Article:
ABOUT THE BOOK
The first time I read a Bill Bryson book, I was not expecting much at all. For many years my family shared a rustic cottage on a lake with all the other members of my mother's family. Entertainment on nice days usually involved swimming, swimming, more swimming, and the occasional nap. On gray days, we read. Over the years four generations of the family left behind a muddled collection of books. When I read through the books I had brought with me, I'd grab whatever my relations had left behind.
That's how I first encountered Bill Bryson. I found a well-worn, tattered copy of A Walk in the Woods, left behind by a relative. I picked it up with uncertainty, not sure I was completely interested in a stranger's account of a summer spent hiking the Appalachian Trail. As for a stranger who told that story while trying to be funny? I suspended my disbelief.
But, Bryson really was funny. So funny that when I returned home I promptly ordered a copy and made my husband read it. After finishing it, he went out and got still more Bryson books. They were funny, too.
That's the first thing that should be said about Bryson, and about Notes from a Big Land: It's a funny book written by a man who has a mastery of funny.
MEET THE AUTHOR
Peg Robinson holds a BA in Religious Studies from the University of California at Santa Barbara, and has partially completed an MA/PhD in Mythological Studies from Pacifica Graduate Institute. She holds a certificate in copy editing from Media Bistro.
Her publishing career started in 1998, on winning a place in Simon and Schuster's Star Trek: Strange New Worlds competition. Her novelette "Tonino and the Incubus" qualified for the 2007 Nebula Awards. She has worked as a content provider, copy writer, informational writer, copy editor, and developmental editor.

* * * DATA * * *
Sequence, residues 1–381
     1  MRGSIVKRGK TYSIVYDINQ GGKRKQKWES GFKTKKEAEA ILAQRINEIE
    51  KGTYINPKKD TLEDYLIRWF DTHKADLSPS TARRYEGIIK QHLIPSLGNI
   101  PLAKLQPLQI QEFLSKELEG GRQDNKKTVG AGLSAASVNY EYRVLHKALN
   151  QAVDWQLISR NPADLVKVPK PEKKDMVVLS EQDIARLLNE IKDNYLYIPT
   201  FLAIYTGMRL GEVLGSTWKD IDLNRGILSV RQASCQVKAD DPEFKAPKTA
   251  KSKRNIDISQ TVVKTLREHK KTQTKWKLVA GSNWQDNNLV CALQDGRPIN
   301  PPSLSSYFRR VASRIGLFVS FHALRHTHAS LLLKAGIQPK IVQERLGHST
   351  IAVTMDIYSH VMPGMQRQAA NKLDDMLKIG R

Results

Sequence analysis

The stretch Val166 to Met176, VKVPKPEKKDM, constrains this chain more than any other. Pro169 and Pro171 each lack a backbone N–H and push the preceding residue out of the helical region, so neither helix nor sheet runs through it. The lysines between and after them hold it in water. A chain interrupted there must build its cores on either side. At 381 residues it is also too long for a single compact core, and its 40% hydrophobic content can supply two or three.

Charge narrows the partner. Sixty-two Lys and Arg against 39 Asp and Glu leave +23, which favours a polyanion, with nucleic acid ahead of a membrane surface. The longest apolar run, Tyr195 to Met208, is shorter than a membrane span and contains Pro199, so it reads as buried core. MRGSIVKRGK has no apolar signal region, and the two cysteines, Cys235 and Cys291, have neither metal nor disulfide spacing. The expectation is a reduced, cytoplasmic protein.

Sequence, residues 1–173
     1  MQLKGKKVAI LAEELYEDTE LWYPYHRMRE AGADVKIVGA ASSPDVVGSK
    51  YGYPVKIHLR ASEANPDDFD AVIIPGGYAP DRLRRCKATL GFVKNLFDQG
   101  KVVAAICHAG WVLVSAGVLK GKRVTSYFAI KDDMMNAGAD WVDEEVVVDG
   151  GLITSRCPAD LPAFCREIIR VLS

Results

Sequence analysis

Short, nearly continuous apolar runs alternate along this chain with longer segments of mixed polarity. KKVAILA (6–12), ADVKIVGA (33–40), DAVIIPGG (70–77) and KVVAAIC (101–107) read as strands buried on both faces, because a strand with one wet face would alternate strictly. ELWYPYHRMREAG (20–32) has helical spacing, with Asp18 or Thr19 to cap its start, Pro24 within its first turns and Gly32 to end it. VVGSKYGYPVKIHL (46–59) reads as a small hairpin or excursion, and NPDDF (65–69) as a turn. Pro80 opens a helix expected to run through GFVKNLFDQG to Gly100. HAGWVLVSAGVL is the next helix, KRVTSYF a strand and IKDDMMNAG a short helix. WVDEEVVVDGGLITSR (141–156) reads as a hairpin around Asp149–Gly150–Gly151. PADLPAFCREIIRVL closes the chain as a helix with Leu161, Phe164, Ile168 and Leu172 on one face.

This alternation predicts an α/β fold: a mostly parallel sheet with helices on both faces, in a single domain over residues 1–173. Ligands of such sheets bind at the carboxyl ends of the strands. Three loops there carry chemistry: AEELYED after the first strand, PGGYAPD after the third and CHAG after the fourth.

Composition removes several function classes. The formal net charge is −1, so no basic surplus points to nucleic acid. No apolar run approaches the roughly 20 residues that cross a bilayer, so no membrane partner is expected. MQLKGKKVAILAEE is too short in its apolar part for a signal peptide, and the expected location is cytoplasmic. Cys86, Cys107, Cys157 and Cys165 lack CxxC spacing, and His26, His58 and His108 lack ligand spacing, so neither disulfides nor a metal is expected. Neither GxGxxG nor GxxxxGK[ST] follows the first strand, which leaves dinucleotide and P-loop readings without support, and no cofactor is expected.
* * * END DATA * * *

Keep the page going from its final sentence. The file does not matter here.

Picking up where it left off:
EXCERPT FROM THE BOOK
Notes from a Big Country is the British version of a book published in the United States under the title I'm a Stranger Here, Myself. Both books are compiled of essays written for the British publication, Mail on Sunday's Night and Day, edited by Simon Kelner, a friend and associate of Bryson's.
There are extensive differences between the two books. Notes from a Big Country contains a full 78 essays; I'm a Stranger Here, Myself contains only 70. Editorial adjustments were made to take the language and assumptions of each nation into account. An extensive comparison of the two volumes can be found from the Department of Translation Studies, at the University of Tanjere. The linguistic analysis may not interest everyone, but it provides a fairly extensive overview of the changes made in adapting the book for two distinct audiences. There is no question to an American reader that Notes from a Big Country was written for an English audience. While Bryson is on record as considering his identity in England that of an outsider it's impossible to read the essay chapters without realising how deeply Bryson has adapted to English culture. It's equally impossible to miss how profoundly he felt the culture-shock on returning to the United States.
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Bill Bryson’s Notes from a Big Country
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